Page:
The planners, builders, lenders, and the key holders are all clearly rooting for a housing-price bounce to help restore economic growth. But some design and remodeling experts are hopeful that the real estate crumble, painful as it is, has reformed how consumers view the idea of "home."
Advocates of individualized and beautiful design through construction that uses transparent pricing (compared to prepackaged, industry-driven trends) argue that a homeowner's dream property is often lurking within the existing footprint. Or, perhaps it can be achieved with a conservative expansion that can bring more of the outdoors in and the indoors out.
Whether or not long-term attitudes will change, there remains a sobering near-term reality: The housing recovery will be slow. Accordingly, many homeowners are looking at remodeling options to upgrade or bump out their existing dwelling rather than climb to the next rung on the property ladder (or even skip a few steps, which was common during the housing boom). In fact, the current real-estate climate can bring opportunity for savvy homeowners. Contractor bids are more competitive and contractors are more readily available.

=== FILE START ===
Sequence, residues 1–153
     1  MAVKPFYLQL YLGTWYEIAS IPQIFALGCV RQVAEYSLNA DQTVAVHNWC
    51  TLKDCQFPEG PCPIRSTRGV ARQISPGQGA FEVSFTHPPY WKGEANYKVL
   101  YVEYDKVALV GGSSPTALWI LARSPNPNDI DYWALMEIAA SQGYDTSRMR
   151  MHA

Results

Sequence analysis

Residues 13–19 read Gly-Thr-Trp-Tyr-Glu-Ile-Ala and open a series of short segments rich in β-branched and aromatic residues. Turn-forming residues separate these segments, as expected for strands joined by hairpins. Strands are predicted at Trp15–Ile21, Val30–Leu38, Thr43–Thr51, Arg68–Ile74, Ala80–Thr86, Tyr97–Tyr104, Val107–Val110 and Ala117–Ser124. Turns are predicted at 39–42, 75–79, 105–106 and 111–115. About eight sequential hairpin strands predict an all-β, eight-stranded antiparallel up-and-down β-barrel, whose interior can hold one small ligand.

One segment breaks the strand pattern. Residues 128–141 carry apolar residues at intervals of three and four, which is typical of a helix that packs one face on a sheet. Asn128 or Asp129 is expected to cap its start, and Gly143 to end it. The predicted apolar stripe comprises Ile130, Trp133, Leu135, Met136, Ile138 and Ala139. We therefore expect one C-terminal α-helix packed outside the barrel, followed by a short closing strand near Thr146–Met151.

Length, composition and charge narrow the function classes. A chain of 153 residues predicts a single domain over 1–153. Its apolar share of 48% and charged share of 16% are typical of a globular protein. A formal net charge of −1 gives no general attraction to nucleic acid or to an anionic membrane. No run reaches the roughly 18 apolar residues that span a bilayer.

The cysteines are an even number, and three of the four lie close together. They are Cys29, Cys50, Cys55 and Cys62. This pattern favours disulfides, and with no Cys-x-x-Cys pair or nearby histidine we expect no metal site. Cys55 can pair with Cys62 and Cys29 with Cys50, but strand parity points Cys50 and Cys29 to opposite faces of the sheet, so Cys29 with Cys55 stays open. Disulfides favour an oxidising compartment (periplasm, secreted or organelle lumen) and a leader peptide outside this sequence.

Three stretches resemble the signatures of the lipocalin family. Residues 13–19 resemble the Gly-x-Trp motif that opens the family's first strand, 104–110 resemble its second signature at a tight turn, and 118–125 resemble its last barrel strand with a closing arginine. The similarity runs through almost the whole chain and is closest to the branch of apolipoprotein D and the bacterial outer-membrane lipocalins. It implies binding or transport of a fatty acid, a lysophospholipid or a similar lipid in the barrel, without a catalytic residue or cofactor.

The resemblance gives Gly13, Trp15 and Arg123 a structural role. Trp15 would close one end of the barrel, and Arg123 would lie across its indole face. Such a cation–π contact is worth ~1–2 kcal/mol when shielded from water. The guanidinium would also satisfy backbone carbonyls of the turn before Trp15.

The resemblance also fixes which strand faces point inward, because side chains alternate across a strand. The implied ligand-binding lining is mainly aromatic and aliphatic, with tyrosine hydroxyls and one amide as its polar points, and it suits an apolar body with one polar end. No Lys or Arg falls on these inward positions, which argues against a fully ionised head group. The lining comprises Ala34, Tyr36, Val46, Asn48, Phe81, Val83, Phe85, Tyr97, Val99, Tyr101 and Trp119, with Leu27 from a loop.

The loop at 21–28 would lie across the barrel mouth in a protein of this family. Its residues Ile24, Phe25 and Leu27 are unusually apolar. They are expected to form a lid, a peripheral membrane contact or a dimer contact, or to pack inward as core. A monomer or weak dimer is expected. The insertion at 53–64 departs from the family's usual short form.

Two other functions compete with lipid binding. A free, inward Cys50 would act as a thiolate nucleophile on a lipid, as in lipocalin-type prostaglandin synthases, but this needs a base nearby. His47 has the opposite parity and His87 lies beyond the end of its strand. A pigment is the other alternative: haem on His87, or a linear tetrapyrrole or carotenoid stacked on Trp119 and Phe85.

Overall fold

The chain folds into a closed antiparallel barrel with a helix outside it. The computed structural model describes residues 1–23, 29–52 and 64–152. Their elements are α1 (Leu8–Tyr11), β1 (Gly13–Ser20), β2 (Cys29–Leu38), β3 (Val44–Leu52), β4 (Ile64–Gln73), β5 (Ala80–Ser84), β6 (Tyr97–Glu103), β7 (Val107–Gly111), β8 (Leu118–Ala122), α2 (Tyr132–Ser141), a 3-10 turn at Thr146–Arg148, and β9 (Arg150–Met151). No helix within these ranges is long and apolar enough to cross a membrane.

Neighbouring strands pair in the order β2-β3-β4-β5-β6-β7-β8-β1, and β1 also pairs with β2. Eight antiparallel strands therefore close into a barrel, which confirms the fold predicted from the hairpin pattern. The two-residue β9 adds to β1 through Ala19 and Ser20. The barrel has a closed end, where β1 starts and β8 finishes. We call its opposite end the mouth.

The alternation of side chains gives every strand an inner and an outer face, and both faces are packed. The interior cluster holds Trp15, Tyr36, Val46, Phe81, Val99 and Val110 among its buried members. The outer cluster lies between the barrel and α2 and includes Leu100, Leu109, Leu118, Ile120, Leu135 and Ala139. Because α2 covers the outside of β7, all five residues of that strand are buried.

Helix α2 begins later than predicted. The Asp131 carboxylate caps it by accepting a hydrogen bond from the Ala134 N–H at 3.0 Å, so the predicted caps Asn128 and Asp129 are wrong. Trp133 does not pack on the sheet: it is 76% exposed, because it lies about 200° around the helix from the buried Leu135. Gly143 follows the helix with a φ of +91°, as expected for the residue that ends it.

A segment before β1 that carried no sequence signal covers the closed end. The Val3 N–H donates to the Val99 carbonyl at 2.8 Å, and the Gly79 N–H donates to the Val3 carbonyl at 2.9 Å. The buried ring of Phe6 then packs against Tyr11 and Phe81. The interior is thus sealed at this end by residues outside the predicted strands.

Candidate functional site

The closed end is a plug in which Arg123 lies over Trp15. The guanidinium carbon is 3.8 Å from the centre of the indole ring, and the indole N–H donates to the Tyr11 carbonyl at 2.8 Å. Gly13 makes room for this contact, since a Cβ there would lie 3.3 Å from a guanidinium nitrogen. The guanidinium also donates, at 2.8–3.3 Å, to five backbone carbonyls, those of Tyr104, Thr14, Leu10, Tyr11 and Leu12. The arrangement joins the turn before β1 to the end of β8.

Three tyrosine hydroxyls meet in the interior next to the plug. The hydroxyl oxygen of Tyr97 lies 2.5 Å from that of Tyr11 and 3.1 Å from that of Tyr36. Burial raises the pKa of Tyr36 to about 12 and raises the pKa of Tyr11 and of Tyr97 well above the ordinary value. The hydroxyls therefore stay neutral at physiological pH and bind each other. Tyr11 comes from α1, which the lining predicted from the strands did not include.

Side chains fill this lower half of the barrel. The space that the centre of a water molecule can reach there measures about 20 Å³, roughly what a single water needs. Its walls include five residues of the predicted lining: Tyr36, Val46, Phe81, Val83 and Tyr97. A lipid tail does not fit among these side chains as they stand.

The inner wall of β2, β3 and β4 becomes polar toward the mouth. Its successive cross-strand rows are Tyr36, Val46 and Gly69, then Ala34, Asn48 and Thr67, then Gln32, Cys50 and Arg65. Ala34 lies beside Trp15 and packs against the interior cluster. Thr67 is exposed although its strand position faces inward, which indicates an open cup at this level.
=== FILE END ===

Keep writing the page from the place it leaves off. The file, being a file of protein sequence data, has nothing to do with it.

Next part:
During the housing surge ahead of the 2007-2008 credit crisis, significant portions of housing stock (both new and resale) became overly commoditized and threatened the sense of "homesteading" that emerged in the United States after World War II, argues Duo Dickinson. He's a Connecticut-based architect and author of Staying Put: Remodel Your House to Get the Home You Want, which hit bookstores in November.